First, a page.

Set up CAD Layer naming (If not already set)


This may require selecting one of the read-only layer exports and resaving it under a different Name. Revit ADDS ALL LAYER NAMES from linked drawing files- to prevent this list from becoming too large we made it read only.


Browse to the export folder.

Strip everything off the ‘tail’ of the file name so the project number (and building identifier if necessary) are the only  elements left to use as a prefix. Revit will add a “-“ after this prefix.

  • For standard CAD export - Make sure the [ ] Xref views on sheets is unchecked. This places all elements with the sheet in one file.
  • For “STRIP REFERENCING”  Make sure the [X] Xref views on sheets is checked.

*If files and borders are to be x-refed for continuity- editing in CAD must be done to setup the xbdr files and other base files.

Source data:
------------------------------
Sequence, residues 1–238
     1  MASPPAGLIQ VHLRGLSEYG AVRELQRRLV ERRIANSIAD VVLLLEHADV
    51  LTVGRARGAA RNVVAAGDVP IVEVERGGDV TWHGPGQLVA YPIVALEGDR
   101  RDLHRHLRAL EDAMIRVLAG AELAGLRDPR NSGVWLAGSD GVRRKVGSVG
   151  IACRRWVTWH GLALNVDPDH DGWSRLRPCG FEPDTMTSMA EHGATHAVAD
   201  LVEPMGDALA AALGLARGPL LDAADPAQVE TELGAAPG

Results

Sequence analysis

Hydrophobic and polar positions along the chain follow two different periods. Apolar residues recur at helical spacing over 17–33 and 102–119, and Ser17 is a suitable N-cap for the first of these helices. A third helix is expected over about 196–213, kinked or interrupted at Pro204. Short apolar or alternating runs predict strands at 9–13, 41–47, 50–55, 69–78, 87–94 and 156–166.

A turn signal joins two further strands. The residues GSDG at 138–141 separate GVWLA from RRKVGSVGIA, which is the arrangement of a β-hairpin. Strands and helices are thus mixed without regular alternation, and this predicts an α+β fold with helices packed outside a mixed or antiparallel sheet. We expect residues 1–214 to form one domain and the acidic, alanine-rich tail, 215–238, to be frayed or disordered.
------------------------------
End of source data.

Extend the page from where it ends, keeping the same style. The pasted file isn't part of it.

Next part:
You can then use Re-namer to further clean up and refine the file names (If you have several to do at once)

Mass-renaming of files should only be attempted by those who are certified to use it.

 

FINISH_EXTENTS TAG

Finish extents tag-  to show extents of finish along wall in plan. 
This 'tag' is actually a  DETAIL COMPONENT that you can use to tag walls/extents of finishes to show the extent of finishes in plan (Interiors old-school).
It can be taken one step further- By incorporating this detail component into a generic wall hosted family- it can force to snap to walls and will show wherever the instance is cut. These families would actually map the extent of the wall finish as a wall-hosted object which then would show the tags when cut. This can be done but would take some reconstruction of the family to keep it under control (Like the ADA graphics- it would likely need to be a generic subcategory and/or locked down to a specific workset)
MARK and DESCRIPTION are the parameters for the text/graphics. These are designated by type.
FINISH_EXTENTS.rfa